In 1928 Virginia Woolf presented a series of essays. She made the connection between achieving maximum creative potential as an individual, and having a mind (psychological space or ‘room’) free from the worries of domesticity or poverty. As well as this she emphasised the importance of a physical space, a study for example, to think, write and create.
She was talking specifically about the historical lack of this ‘room’ for women. She was also speaking at a time when a woman’s finances were constrained by patriarchal society. The essays revolutionised the way we think about ourselves in relation to the political and social structures that surround us.
I am following in Woolf’s footsteps. I am at university with some money in my pocket, I rent my own room, and have food and books to keep me suitably nourished. In other words, I have been granted a room of my own and, like her; I do not take for granted the opportunities I have been given.
There is one difference between the two of us that I am interested to address, however. My means of attending university have not come from a healthy inheritance as hers did. I am from one of the lower brackets on the economic ladder here in the UK. To be able to go to university I had to take out a loan from a bank, as well as having to rely on grants from my university.
We live in a time when every minute of our academic lives, we are reminded of the crippling debt we are being forced into. Debt that has been forced upon students like myself by previous generations and their governments. Debt that will stay with the majority of us for life. Financial stability is absolutely out of the question once I leave university. What would Woolf make of this?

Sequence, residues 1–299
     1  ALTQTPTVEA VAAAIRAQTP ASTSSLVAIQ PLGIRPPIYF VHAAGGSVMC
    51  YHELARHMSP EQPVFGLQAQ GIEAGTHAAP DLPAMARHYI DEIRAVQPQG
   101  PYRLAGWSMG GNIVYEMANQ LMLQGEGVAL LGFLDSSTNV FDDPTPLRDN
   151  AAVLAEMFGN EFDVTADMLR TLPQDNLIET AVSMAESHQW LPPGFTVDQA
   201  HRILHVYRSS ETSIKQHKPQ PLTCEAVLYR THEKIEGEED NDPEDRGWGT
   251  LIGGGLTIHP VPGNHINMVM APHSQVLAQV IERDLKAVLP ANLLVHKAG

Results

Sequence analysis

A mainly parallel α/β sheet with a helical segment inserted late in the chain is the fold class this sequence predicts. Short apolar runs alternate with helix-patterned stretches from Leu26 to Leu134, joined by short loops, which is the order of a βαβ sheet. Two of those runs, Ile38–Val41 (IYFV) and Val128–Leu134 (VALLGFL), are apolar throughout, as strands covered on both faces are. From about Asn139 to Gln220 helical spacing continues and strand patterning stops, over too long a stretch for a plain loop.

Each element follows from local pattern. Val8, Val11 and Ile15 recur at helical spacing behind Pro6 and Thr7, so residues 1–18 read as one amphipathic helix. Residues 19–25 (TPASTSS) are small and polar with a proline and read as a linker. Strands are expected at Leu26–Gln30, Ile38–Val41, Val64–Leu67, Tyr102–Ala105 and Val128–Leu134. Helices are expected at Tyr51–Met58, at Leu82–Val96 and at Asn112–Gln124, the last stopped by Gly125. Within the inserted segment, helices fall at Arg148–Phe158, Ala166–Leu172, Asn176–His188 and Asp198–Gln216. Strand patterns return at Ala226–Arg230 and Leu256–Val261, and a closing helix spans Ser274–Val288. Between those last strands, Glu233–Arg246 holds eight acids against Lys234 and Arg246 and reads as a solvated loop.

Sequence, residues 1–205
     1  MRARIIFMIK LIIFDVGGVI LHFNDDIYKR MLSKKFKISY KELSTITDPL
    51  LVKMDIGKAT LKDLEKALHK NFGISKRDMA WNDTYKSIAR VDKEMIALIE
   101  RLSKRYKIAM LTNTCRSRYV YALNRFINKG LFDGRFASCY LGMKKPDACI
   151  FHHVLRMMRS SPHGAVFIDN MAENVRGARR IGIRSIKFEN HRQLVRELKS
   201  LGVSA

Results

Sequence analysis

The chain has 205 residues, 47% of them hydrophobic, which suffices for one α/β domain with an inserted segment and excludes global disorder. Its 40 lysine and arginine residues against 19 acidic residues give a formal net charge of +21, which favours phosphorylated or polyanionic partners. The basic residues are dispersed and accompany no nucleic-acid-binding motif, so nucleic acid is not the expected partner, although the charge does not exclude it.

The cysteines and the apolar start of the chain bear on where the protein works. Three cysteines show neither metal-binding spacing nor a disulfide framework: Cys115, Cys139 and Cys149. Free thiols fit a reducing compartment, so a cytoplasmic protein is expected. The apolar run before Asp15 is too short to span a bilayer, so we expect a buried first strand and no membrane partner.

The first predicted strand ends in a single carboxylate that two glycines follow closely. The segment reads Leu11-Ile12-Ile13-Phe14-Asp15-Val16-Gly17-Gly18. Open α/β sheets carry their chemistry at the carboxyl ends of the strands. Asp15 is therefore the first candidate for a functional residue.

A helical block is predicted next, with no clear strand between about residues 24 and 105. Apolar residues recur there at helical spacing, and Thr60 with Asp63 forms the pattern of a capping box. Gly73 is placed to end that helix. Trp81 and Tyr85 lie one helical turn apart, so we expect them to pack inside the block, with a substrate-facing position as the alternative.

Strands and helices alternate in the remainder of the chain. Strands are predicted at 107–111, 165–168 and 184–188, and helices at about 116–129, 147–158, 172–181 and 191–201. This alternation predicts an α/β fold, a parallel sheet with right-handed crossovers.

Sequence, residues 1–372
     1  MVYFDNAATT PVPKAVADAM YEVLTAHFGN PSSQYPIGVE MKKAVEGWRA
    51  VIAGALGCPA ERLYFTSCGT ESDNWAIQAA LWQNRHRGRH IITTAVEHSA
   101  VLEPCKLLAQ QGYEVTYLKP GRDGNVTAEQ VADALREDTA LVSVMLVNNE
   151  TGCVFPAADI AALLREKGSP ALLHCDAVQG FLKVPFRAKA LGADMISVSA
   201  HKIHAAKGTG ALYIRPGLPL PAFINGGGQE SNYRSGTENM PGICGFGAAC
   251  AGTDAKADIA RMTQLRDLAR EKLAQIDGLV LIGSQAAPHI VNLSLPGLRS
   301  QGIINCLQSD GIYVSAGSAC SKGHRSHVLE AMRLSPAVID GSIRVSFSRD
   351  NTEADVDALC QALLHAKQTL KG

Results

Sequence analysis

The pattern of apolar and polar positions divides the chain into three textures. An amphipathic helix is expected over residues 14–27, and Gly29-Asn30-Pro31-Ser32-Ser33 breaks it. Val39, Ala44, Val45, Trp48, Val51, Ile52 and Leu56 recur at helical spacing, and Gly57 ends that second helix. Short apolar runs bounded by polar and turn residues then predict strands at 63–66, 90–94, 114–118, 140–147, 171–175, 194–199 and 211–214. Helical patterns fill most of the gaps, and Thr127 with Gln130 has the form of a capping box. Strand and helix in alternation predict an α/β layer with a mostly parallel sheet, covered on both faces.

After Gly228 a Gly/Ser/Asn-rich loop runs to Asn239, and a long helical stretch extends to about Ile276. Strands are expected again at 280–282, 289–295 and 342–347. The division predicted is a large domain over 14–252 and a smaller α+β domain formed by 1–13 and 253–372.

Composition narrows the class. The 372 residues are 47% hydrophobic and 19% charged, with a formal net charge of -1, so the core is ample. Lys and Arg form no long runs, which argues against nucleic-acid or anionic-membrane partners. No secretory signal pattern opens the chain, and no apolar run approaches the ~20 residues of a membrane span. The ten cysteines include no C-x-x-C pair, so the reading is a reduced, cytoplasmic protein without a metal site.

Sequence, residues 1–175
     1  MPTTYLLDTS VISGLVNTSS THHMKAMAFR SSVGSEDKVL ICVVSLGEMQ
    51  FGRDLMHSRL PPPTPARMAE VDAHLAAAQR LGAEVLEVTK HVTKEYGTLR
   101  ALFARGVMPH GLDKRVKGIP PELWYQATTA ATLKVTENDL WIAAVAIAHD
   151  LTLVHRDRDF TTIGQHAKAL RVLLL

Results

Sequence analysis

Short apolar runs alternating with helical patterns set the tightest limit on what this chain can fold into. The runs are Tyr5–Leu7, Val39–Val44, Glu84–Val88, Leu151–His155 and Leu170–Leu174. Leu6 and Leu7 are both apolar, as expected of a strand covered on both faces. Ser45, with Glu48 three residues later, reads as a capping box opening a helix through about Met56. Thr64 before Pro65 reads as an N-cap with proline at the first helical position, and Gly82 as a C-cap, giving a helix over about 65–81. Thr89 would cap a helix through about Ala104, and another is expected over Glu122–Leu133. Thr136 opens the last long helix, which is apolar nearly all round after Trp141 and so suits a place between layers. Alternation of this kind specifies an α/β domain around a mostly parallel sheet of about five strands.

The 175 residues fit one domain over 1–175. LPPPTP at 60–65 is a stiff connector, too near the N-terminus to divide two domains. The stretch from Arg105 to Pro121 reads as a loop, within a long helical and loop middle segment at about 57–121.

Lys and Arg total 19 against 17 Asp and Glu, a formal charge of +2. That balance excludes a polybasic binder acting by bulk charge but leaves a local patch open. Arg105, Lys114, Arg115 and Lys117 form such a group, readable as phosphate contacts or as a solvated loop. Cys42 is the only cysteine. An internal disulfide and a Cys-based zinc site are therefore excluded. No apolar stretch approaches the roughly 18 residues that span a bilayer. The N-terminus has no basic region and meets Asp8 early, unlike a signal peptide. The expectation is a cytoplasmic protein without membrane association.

Just as women are starting to find ‘rooms of their own’ all over the world, the neoliberal mechanism of tuition fees pushes us back into the mindset of money before all. Worry about money now, worry about money forever. I don’t want to be thinking about money; I want to be writing novels like Virginia Woolf was able to. Instead, every month for the next 30 years of my life I will be forced to think of the debt I am in.
How do we keep a clear and inquisitive mind like Virginia Woolf when we are forced to live in this society? We live in a deeply ingrained neoliberal world as it is. Products are pushed down our throats as we walk down every street and we are encouraged from infancy to chase capital like sharks. Now, higher education is in the clutches of neoliberalism. I am afraid my creativity will not be safe from the financial constraints Woolf was free from.
There is hope, however. Blogs like this one and others such as iGNANT are publishing young and upcoming creative work. Also individuals; musicians like Chance the rapper are setting an example by refusing to sign with record labels and instead, downloads of his albums are free. Organisations like Arts Depot in North London run affordable art workshops for young people. Free art and design galleries and museums are doing the same. Tate Collectives for example, have activities running in St. Ives, Liverpool and London, as well as a wealth of online resources. Projects like this are helping promote and cultivate creativity for a generation.
Woolf’s essays contain a formula that allows women like myself to achieve creative freedom. Today, tuition fees are shutting the doors on these rooms for a whole generation of students. I, for one, am worried about the future of creativity in our increasingly neoliberal world.